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In Venezuela, public transport is a gondola to a barrio

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Charlie Devereux

(Read caption) A new cable car system in Caracas, Venezuela, connects one of the poorest and most violent barrios on the continent with the city's metro system. The designers hope this will have a transformative effect on the community, as did a similar project in Medellin, Colombia.

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• A local, slice-of-life story from a Monitor correspondent.

Cable cars as public transport systems are becoming increasingly fashionable in South America.

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Medellín, Colombia opened its first line in 2006, while one is under construction in Rio de Janeiro, Brazil.

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Venezuela unveiled its own “Metrocable” this year in the capital city, Caracas.

The government hopes some 15,000 residents a day will use the new gondola system to connect from San Agustin, one of Caracas’s poorest and most violent barrios, to the city’s Metro.

Already, thousands are taking advantage of it daily.

“It used to take me two hours to get to work,” says Pedro Fuentes, a resident of El Manguito, where one of the gleaming glass and concrete stations was erected. “Now I can get there in 40 minutes.”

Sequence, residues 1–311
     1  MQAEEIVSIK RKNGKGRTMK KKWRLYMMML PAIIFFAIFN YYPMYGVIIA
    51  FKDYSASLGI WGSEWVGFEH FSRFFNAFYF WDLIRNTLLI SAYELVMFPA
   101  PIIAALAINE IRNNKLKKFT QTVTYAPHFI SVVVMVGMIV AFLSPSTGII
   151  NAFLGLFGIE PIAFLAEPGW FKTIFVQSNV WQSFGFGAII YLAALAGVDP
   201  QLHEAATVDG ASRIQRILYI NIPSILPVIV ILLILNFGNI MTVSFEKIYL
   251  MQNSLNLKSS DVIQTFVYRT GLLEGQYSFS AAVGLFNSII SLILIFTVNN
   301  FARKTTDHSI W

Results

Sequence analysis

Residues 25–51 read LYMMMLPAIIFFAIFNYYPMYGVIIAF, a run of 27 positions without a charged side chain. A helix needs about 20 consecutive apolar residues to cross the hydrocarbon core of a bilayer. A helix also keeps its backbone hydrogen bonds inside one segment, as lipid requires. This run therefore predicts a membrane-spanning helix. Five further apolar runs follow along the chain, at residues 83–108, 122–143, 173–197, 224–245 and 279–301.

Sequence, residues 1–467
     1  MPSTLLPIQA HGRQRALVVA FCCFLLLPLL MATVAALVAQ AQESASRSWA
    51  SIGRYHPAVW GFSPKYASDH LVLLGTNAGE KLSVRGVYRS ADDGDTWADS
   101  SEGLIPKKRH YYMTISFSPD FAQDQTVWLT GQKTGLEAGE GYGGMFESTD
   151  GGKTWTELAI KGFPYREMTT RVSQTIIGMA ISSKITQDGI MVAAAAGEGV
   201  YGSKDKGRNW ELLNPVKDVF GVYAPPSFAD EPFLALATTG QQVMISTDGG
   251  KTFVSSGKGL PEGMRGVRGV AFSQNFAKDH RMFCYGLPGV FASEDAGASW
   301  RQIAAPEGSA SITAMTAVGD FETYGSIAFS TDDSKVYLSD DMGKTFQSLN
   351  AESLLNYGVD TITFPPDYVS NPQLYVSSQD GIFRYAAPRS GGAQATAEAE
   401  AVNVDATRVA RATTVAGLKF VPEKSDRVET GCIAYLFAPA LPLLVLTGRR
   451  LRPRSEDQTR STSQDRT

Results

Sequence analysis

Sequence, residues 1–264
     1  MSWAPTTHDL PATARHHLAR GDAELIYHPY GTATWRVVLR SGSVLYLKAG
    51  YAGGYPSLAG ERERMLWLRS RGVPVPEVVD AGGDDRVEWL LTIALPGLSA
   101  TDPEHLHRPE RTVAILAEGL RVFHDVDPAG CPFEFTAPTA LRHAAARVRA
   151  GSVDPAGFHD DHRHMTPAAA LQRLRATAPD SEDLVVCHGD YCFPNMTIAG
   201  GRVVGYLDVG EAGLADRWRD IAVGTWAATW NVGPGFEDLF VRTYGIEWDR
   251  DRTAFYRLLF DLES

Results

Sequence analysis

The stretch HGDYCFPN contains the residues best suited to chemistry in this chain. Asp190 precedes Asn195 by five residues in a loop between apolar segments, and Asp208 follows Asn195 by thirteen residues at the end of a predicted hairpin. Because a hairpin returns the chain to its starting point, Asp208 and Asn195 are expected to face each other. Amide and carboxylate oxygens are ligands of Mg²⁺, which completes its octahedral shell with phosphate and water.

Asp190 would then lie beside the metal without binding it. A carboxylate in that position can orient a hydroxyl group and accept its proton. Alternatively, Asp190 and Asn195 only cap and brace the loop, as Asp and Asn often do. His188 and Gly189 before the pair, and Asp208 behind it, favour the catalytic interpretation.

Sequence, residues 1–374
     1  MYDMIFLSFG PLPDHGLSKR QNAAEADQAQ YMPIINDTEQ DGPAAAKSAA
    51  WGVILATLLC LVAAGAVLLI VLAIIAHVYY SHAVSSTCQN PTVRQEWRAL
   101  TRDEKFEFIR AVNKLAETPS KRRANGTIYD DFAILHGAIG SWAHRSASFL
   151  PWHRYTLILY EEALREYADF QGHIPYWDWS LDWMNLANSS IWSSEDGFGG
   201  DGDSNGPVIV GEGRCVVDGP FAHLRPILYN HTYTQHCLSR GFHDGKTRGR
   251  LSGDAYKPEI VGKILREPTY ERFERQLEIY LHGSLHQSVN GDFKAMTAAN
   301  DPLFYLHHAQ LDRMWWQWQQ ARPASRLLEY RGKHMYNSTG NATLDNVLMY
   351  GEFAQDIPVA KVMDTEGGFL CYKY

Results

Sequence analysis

But the government hopes the “Metrocable” will do more than just cut commuting hours. In Medellín, the system had a transformative effect on what was one of the continent’s most dangerous shantytowns.

With that aim in mind each station of the Caracas Metrocable will act as a community hub. One will have a gymnasium added to it. Another will act as a rehearsal studio for classical orchestras.

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Cable cars are an ideal transport solution for South America with its mountainous topography and cities that are often ringed by shantytowns perched on steep hills, says Hubert Klumpnik of Urban Think Tank, the Caracas-based architecture firm behind the new gondola system.

“We believe that the barrios are not mountains full of houses but rather a house the size of the mountain itself,” he explains. “We know that by law a building of four floors needs an elevator and we translated that to a cable car system that would attend this ‘mega building.’ ”

But the work was not completed without criticism. It was delayed by more than a year and, at a cost $262 million, came in nearly five times over budget.